Amazing how many people don’t get that, including anyone in the BDS movement. But there’s a difference between the West Bank and Gaza. Gaza right now is a lost cause. As long as Hamas is in power, nothing can happen there. But when settlements are increased in size that territory doesn’t come from Gaza, it comes from the West Bank, where Hamas can say See, if you’re at all moderate with Israel all it does is cost you. When I disagree with Israeli policy it tends to be either about the West Bank or about treatment of minorities within Israel proper. Generally speaking, I support their actions in Gaza. 
 
Unfortunately, BLM supports BDS, God knows why. My answer to them is Yeah, the Palestinian cause looks a lot like the American Civil Rights movement if Rosa Parks had left a bomb on that bus. 
Ward Tipton Added Jan 11, 2019 - 12:31pm
I seem to remember a series of articles, though I cannot remember where, discussing life in the parts of Gaza outside of the strip where the "refugees" were not allowed to travel, and the many nice shops, restaurants and other features there ... though I have not been able to find any trace of it in recent years. Having never been there and with no intentions of traveling there, I still wonder about the efficacy of that piece, but do believe there must be something to it. Even the Egyptians built a wall due to the constant flow of arms and contraband through Egypt into Gaza if I remember correctly ... apparently not all of it well meaning and humanitarian in nature. It is a nasty situation to be sure. 
Koshersalaami Added Jan 11, 2019 - 12:36pm
I tend to look at both sides of issues, to find some way in which a person or organization is moral. I can’t find any at all in Hamas. They are, quite simply, more interested in destroying Israel than they are in the survival of Palestinians, emphatically including Palestinian children. They treat their population as though they are more valuable dead because of their world press value than they are alive. I can’t get there from here.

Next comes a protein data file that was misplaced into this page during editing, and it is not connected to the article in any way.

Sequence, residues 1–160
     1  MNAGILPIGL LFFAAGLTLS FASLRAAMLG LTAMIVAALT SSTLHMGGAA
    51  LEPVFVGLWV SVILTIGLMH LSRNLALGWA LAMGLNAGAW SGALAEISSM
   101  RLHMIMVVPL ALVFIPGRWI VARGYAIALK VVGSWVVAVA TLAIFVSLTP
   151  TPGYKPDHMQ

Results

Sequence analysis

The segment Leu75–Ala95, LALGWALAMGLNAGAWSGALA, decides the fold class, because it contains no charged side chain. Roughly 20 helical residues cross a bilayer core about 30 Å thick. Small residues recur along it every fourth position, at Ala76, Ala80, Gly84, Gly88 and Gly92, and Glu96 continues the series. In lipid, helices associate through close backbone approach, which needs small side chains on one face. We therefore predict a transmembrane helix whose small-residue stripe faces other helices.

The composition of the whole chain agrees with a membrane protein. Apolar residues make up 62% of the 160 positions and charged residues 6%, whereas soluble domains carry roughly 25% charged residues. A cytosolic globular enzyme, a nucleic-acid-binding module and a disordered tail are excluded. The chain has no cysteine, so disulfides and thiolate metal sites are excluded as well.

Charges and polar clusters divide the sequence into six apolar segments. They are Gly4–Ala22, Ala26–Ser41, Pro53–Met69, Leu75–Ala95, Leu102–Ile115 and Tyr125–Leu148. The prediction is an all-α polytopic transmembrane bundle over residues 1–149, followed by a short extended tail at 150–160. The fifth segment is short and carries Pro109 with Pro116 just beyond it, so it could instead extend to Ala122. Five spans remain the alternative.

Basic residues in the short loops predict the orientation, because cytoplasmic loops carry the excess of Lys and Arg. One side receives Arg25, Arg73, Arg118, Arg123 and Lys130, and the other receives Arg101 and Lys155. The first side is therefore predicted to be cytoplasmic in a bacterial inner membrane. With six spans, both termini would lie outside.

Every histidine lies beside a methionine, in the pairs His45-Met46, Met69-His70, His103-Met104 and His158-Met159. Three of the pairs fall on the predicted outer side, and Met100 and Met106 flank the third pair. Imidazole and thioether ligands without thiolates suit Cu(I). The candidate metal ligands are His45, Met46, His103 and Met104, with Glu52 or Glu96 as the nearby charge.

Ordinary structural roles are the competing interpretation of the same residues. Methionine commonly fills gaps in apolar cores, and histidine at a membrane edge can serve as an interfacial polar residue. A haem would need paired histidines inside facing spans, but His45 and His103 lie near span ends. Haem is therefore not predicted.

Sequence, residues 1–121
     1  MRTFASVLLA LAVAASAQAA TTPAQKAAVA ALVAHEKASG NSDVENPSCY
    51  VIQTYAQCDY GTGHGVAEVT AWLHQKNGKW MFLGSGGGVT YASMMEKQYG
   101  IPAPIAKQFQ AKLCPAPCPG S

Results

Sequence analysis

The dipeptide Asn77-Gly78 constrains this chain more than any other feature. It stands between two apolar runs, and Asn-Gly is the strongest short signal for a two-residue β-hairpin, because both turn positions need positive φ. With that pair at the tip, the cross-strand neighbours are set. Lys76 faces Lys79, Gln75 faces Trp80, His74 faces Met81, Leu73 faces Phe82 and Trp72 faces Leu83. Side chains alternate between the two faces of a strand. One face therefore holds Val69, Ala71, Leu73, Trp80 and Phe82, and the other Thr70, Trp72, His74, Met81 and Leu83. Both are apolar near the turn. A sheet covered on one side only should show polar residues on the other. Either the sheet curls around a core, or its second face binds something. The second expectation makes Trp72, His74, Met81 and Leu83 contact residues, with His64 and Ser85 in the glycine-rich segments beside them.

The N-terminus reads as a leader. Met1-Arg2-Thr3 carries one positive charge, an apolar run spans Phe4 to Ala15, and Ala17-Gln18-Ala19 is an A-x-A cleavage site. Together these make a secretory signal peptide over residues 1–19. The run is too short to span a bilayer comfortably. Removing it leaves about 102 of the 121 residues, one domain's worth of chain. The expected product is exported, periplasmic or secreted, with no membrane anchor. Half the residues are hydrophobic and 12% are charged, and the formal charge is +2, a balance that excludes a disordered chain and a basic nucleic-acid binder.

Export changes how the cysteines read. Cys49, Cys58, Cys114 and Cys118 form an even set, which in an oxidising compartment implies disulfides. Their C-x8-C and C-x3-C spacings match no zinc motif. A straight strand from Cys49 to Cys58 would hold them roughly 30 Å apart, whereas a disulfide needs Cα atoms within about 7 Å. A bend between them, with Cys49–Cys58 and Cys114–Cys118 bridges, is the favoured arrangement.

Ward Tipton Added Jan 11, 2019 - 12:46pm
Yeah, well the entire culture celebrates death the way we celebrate life it seems to me ... but when I point that out, apparently it somehow makes me "racist" ... never mind that it has absolutely nothing to do with race and everything to do with factual reality. 
Hussain -The Canadian Added Jan 11, 2019 - 2:17pm
The Jews who inhabited Palestine, predominately embraced Islam when the Arabs took the area in the 7th century, and slowly over time those Jews became Arabs as well - This is not my assessment, but the conclusion Professor Shlomo Sand reached in his excellent book "The invention of the Jewish People".
 
So to suggest that the Jews who immigrated, predominant from Europe and other Arab regions in 1945-1947 are the "sole inheritors" of the land, because "the Torah" says so is extremely bizarre. It also doesn't explain the Israeli's state current oppression, occupation, and denial of rights that it enforces on the Palestinian Arabs who lived there for 1400 years, not to mention many of those Arabs, if you go back enough, are actually Jews indigenous to the land to begin with.   
 
There are also alot of interesting misconceptions in the answers above, like Hamas being the real problem behind why there isnt any peace between the Israelis and its Arab population. There books are written on this topic alone by American and Israeli Jews that debunk the basic premise of the original post.
Mustafa Kemal Added Jan 11, 2019 - 2:39pm
That League of Nations sure ushered in a whole century of peace. 
 
Anyway,
"Every time the term "Palestinian(s)" is used it implies there is a real ethnic group and a country of "Palestine"
 
how would you refer to those people there? 
 
Mustafa
Ken Added Jan 11, 2019 - 4:40pm
True but currently irrelevant. 
 
It shouldn't be.  Palestine never existed.  Those referred to as Palestinians are actual nomadic arabs.  UNESCO is taking Jewish holy sites and claiming they are palestinian holy sites.  But there never was a palestine so how can they be?  It is absolutely nuts what the arabs/muslims are getting away with in the name of clearing out Israel and any Jews/Christians in the middle east.  The home of Christianity and Judaism today most people don't even know used to be predominantly Christian until centuries of genocide by Muslims.
Riley Brown Added Jan 11, 2019 - 6:13pm
Can anyone tell me where the old Capital of Palestine was?
Can anyone name a past King or President of Palestine?
 
I didn't think so... it wasn't a real country!!!
John Minehan Added Jan 11, 2019 - 6:32pm
Koshersalaami nice job of presenting the facts in a balanced way.